in the light of the previous, it's where the men are separated from the boys, or perhaps more aptly, where the readers are separated from those who are authors, for this truly is a work of masterful construct, research and narrative. i am firmly of the opinion that, when attending a stage play or presentation, if the eye starts drifting towards the scenery and how well or badly formed it might be, either the playright or actors are failing in their duty. similarly a work of this magnitude; the reader should be carried headlong into the chronicle, blissfully unaware of the countless air miles racked up in the process of forming each chapter. this is a book that fulfils that to the very last word. however, in the process of reviewing same, it would be most ungracious, not to say remiss of me, to point out that richard moore has elevated the art to a whole 'nuther level.

for in truth, i could care less about how fast anyone can manage to put one foot in front of the other over a distance of 100 metres, yet it would not be overstating the case to admit i was totally captivated from moore's opening paragraph until reaching the substantial index at the back. in order to attain a purpose in life, an author ought to be able to hold the attention well beyond any alotted time allocated for reading. i read chapter after chapter until the bathwater went cold, then i sneaked in a few more pages while i waited for the tea to cook. and i'm not sure that i exaggerate when i portend that i may be the only person on the planet that richard did not interview about those 9.79 seconds.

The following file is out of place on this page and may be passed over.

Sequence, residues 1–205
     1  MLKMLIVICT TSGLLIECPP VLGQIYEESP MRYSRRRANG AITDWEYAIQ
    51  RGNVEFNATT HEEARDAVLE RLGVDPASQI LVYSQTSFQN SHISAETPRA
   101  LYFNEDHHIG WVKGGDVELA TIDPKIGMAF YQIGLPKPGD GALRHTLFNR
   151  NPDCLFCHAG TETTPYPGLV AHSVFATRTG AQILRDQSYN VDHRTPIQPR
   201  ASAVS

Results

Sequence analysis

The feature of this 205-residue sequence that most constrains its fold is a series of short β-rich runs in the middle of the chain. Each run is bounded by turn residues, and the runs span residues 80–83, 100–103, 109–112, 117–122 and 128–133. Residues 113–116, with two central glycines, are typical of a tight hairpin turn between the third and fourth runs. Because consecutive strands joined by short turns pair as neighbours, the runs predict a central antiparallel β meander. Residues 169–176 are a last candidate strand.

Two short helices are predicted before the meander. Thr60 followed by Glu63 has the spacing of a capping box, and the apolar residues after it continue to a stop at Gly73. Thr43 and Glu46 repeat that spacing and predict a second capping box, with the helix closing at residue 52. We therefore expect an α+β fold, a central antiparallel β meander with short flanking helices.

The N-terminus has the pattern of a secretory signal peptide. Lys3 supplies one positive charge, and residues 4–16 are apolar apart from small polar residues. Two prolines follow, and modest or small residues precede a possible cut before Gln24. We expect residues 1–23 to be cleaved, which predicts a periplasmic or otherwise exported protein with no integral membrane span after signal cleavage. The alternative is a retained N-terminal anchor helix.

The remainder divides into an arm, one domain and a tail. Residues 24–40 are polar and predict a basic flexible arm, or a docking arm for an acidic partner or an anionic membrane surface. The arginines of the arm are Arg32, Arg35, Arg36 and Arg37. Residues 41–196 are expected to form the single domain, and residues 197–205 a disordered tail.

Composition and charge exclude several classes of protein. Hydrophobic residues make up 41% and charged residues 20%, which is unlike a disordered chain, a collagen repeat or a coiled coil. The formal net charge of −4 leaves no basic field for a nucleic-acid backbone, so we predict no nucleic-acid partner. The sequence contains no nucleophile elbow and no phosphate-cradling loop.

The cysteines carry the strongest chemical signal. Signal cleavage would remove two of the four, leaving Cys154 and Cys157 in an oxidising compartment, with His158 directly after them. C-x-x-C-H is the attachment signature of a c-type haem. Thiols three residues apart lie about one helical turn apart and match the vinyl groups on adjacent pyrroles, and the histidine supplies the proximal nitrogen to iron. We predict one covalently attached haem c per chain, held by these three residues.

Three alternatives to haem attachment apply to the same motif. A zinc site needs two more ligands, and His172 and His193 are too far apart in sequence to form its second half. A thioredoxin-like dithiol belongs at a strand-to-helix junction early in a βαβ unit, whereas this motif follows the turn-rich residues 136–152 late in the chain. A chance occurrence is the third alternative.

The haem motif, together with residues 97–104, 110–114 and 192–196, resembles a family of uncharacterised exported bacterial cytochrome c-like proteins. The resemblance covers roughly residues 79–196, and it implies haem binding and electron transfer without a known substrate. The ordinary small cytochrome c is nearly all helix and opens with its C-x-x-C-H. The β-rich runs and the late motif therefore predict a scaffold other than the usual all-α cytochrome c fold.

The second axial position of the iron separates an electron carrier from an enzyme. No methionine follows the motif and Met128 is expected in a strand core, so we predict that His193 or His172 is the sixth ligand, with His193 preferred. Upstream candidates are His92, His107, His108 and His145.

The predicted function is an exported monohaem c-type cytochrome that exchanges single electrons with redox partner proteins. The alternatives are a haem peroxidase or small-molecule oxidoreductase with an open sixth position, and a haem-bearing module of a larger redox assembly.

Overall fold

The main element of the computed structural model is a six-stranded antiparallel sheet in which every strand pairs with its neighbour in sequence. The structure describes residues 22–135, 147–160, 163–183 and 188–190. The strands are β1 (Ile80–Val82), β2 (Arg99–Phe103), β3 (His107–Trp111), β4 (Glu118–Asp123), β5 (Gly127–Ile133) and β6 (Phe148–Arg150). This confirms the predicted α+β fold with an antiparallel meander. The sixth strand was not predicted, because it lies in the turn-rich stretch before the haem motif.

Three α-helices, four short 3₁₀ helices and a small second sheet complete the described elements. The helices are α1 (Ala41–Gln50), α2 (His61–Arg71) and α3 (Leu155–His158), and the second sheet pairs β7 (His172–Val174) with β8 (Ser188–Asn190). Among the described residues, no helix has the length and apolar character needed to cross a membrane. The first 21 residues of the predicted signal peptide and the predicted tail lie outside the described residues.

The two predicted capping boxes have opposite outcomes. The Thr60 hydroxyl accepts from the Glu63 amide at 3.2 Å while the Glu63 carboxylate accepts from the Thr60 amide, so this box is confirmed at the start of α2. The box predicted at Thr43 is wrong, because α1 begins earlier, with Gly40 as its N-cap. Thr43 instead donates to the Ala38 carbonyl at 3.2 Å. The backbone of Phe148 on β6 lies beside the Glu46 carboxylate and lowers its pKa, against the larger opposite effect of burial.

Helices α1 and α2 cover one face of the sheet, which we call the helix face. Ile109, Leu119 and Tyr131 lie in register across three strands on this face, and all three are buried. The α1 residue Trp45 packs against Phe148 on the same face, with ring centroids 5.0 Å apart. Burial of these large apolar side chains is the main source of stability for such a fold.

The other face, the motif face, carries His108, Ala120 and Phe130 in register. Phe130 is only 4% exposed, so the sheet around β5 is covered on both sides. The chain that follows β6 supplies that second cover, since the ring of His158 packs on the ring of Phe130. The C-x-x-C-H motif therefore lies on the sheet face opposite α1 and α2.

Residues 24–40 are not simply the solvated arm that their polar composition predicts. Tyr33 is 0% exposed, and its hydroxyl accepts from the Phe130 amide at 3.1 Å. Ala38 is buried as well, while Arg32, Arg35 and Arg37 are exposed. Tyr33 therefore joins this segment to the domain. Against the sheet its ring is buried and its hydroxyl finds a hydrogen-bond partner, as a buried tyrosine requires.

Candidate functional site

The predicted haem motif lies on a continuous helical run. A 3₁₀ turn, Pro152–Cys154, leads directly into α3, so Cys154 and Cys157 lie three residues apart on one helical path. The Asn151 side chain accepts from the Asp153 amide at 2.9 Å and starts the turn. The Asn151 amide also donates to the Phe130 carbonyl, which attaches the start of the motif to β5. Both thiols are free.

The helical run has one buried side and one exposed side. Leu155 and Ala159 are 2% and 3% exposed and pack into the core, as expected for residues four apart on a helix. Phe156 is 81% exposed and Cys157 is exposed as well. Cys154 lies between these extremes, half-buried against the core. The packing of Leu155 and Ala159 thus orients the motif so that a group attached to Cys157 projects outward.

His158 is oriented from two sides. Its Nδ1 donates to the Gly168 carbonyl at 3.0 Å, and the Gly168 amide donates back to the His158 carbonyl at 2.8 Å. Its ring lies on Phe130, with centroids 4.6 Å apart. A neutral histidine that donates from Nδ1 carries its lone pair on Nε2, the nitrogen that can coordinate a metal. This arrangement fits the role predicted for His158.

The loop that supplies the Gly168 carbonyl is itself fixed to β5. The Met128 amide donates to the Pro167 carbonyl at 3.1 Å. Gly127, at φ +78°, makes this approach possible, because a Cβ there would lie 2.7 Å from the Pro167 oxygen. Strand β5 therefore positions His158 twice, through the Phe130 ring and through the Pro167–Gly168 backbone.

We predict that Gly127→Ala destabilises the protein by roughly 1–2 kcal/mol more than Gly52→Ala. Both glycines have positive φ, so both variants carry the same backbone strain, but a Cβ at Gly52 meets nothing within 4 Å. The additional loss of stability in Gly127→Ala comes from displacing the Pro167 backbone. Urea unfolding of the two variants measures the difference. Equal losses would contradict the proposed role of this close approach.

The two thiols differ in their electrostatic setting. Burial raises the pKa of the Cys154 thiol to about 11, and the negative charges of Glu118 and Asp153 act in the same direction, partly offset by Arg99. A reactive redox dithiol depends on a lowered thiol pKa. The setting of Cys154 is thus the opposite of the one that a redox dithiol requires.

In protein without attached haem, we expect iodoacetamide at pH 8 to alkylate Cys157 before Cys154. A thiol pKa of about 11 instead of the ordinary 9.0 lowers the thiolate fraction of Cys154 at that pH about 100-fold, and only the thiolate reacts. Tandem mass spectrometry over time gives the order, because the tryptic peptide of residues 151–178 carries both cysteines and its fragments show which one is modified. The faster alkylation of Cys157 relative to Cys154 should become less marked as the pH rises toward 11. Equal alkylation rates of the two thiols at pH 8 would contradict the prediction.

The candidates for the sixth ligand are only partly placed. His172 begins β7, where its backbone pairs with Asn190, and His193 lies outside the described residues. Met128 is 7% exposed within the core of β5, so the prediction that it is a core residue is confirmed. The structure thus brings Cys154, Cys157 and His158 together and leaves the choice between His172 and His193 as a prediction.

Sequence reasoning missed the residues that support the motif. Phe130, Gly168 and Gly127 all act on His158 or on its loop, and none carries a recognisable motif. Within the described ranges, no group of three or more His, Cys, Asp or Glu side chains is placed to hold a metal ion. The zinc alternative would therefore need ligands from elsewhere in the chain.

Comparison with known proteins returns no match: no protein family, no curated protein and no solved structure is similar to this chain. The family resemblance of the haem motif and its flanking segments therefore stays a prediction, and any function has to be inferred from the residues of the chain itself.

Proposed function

you will be unsurprised to learn, particularly after my convoluted opening words, that the stars of the story are not necessarily those of lewis and johnson, but those of performance enhancing drugs, those who used them, and those who promoted their use. lewis comes out of the story, if not smelling of roses, then certainly smelling a lot less of manure than his canadian opponent (even if the jamaican, johnson, was only an adopted canadian). neither do the figures in power at the international olympics committee or the international athletics federation leave the building in clean white suits. and though the late nineties and early noughties have hardly seen cycling's greatest contribution to a carefree sporting society, some ten to fifteen years earlier, so-called amateur athletics was gaining a head start.

it would surely have been easier for moore to have simply recounted the racing, the athletics and the drama without examining the culture behind the events that brought drug use to the almost inextricable level that it appears to have achieved. that would doubtless have made for an exciting enough drama in itself, if unavoidably leaving the story in pure black and white. it is, however, the grey areas in between, that makes the dirtiest race in history the undoubted triumph that it is. there is ultimate joy for the reader in following the unravelling of a whole string of apparently intertwined conspiracies; if you are unaware of how that 100 metre final in the seoul olympics of 1988 panned out, or if the result would be one of your aces in a local pub quiz, you owe it to yourself to read what is probably the finest sports book published this year.

to find a comparative work of excellence, you may have to revisit matt rendell's 2006 opus the death of marco pantani to find anything as brilliant as this. who cares if we're cyclists and lewis and johnson aren't? compulsive and compulsory reading.

tuesday 26th june 2012